Take the 2-minute tour ×
Stack Overflow is a question and answer site for professional and enthusiast programmers. It's 100% free, no registration required.

We have the following datastructures:

{:a => ["val1", "val2"], :b => ["valb1", "valb2"], ...}

And I want to turn that into

[{:a => "val1", :b => "valb1"}, {:a => "val2", :b => "valb2"}, ...]

And then back into the first form. Anybody with a nice looking implementation?

share|improve this question
    
did you mean {:a => ["val1", "val2", ...], :b => ["valb1", "valb2", ...], ...}?? so that the output will include, say, :c => "valc1", blah blah blah? –  DigitalRoss Oct 29 '09 at 0:40
    
yeah, we can have :c => ["valc1", "valc2"] too and then the output with have :c => "valc1" for the first object, and :c => "valc2" for th second object... Also, each array may have more than just 2 elements. –  Julien Genestoux Oct 29 '09 at 0:44
    
For the Cartesian Product—the result of all possible combinations—see Calculate all variations for Hash of arrays –  Phrogz Sep 30 '13 at 17:49
add comment

6 Answers

up vote 10 down vote accepted

This solution works with arbitrary numbers of values (val1, val2...valN):

{:a => ["val1", "val2"], :b => ["valb1", "valb2"]}.inject([]){|a, (k,vs)| 
  vs.each_with_index{|v,i| (a[i] ||= {})[k] = v} 
  a
}
# => [{:a=>"val1", :b=>"valb1"}, {:a=>"val2", :b=>"valb2"}]

[{:a=>"val1", :b=>"valb1"}, {:a=>"val2", :b=>"valb2"}].inject({}){|a, h| 
  h.each_pair{|k,v| (a[k] ||= []) << v}
  a
}
# => {:a=>["val1", "val2"], :b=>["valb1", "valb2"]}
share|improve this answer
1  
W00t! that works :) even with more items in the hash/arrays :) Good work! –  Julien Genestoux Oct 29 '09 at 1:00
add comment

A functional approach gives the most compact solution for this kind of problems. Let's break it down:

data = {:a => ["val1", "val2"], :b => ["valb1", "valb2"]}
data.map { |k, vs| [k].product(vs) }
#=> [[[:a, "val1"], [:a, "val2"]], [[:b, "valb1"], [:b, "valb2"]]]

This looks promising, we have the pairs we want, only that the order is "interleaved". So let's transpose it:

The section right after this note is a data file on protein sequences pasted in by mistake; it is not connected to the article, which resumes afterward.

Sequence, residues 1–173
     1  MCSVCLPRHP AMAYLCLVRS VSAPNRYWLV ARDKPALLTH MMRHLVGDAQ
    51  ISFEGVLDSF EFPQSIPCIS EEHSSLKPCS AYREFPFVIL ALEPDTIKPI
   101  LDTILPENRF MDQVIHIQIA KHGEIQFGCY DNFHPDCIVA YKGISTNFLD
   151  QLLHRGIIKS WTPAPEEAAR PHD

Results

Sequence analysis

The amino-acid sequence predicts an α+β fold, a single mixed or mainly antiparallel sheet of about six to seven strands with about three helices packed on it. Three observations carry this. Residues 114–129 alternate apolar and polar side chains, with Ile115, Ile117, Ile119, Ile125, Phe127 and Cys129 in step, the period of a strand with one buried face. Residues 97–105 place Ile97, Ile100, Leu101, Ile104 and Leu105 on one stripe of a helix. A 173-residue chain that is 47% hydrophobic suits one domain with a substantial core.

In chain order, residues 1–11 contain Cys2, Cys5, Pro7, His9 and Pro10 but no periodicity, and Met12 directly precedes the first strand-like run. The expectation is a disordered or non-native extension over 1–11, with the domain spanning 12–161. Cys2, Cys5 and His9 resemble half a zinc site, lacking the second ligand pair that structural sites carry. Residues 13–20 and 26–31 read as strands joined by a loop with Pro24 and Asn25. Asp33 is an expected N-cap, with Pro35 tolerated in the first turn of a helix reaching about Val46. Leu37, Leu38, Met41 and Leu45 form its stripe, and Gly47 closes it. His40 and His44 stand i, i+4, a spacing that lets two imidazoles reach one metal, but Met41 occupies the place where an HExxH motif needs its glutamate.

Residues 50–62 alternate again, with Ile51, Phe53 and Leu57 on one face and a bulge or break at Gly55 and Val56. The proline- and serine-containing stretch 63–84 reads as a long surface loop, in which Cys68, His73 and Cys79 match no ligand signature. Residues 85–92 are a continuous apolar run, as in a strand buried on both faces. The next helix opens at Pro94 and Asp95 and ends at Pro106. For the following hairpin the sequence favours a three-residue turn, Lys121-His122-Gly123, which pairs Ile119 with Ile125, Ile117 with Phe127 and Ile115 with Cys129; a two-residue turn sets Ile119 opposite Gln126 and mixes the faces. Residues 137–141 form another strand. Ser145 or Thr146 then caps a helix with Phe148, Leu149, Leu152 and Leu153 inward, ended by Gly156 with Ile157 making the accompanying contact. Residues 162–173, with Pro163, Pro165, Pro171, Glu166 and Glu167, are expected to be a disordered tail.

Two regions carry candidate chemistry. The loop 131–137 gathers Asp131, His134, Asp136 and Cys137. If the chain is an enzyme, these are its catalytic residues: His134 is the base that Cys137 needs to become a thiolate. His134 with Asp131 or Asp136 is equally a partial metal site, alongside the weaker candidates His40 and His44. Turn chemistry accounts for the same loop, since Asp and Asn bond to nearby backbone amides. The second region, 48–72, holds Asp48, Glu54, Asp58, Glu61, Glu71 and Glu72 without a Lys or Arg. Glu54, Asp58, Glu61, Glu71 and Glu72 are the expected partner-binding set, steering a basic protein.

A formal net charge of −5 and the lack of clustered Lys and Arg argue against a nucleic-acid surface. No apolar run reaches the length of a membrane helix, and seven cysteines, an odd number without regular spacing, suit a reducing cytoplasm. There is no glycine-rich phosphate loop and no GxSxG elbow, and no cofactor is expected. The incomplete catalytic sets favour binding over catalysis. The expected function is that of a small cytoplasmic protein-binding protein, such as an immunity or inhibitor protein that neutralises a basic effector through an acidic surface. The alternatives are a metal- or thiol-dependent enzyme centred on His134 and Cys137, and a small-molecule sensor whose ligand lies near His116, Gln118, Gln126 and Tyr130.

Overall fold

data.map { |k, vs| [k].product(vs) }.transpose
#=> [[[:a, "val1"], [:b, "valb1"]], [[:a, "val2"], [:b, "valb2"]]]

Good, we got the mapping of [[(key, value)]] in the correct order, now let's build the hashes from the collection of pairs:

data.map { |k, vs| [k].product(vs) }.transpose.map { |ps| Hash[ps] }
#=> [{:a=>"val1", :b=>"valb1"}, {:a=>"val2", :b=>"valb2"}]

Facets' Enumerable#to_h makes that last step prettier:

data.map { |k, vs| [k].product(vs) }.transpose.map(&:to_h)
#=> [{:a=>"val1", :b=>"valb1"}, {:a=>"val2", :b=>"valb2"}]
share|improve this answer
add comment

Let's look closely what the data structure we are trying to convert between:

#Format A
[
 ["val1", "val2"],          :a
 ["valb1", "valb2"],        :b 
 ["valc1", "valc2"]         :c 
]
#Format B
[ :a        :b       :c
 ["val1", "valb1", "valc1"],
 ["val2", "valb2", "valc3"]
]

It is not diffculty to find Format B is the transpose of Format A in essential , then we can come up with this solution:

h={:a => ["vala1", "vala2"], :b => ["valb1", "valb2"], :c => ["valc1", "valc2"]}
sorted_keys =  h.keys.sort_by {|a,b| a.to_s <=> b.to_s}

puts sorted_keys.inject([])  {|s,e| s << h[e]}.transpose.inject([])   {|r, a| r << Hash[*sorted_keys.zip(a).flatten]}.inspect
#[{:b=>"valb1", :c=>"valc1", :a=>"vala1"}, {:b=>"valb2", :c=>"valc2", :a=>"vala2"}]
share|improve this answer
add comment
m = {}
a,b = Array(h).transpose
b.transpose.map { |y| [a, y].transpose.inject(m) { |m,x| m.merge Hash[*x] }}
share|improve this answer
add comment

This will work assuming all the arrays in the original hash are the same size:

hash_array = hash.first[1].map { {} }
hash.each do |key,arr|
  hash_array.zip(arr).each {|inner_hash, val| inner_hash[key] = val}
end
share|improve this answer
add comment

You could use inject to build an array of hashes.

hash = { :a => ["val1", "val2"], :b => ["valb1", "valb2"] }
array = hash.inject([]) do |pairs, pair|
  pairs << { pair[0] => pair[1] }
  pairs
end
array.inspect # => "[{:a=>["val1", "val2"]}, {:b=>["valb1", "valb2"]}]"

Ruby documentation has a few more examples of working with inject.

share|improve this answer
    
hum... can you tell me more? –  Julien Genestoux Oct 29 '09 at 0:50
    
Thanks... but sorry, that didn't work with more items in the hash and arrays. –  Julien Genestoux Oct 29 '09 at 1:00
add comment

Your Answer

 
discard

By posting your answer, you agree to the privacy policy and terms of service.

Not the answer you're looking for? Browse other questions tagged or ask your own question.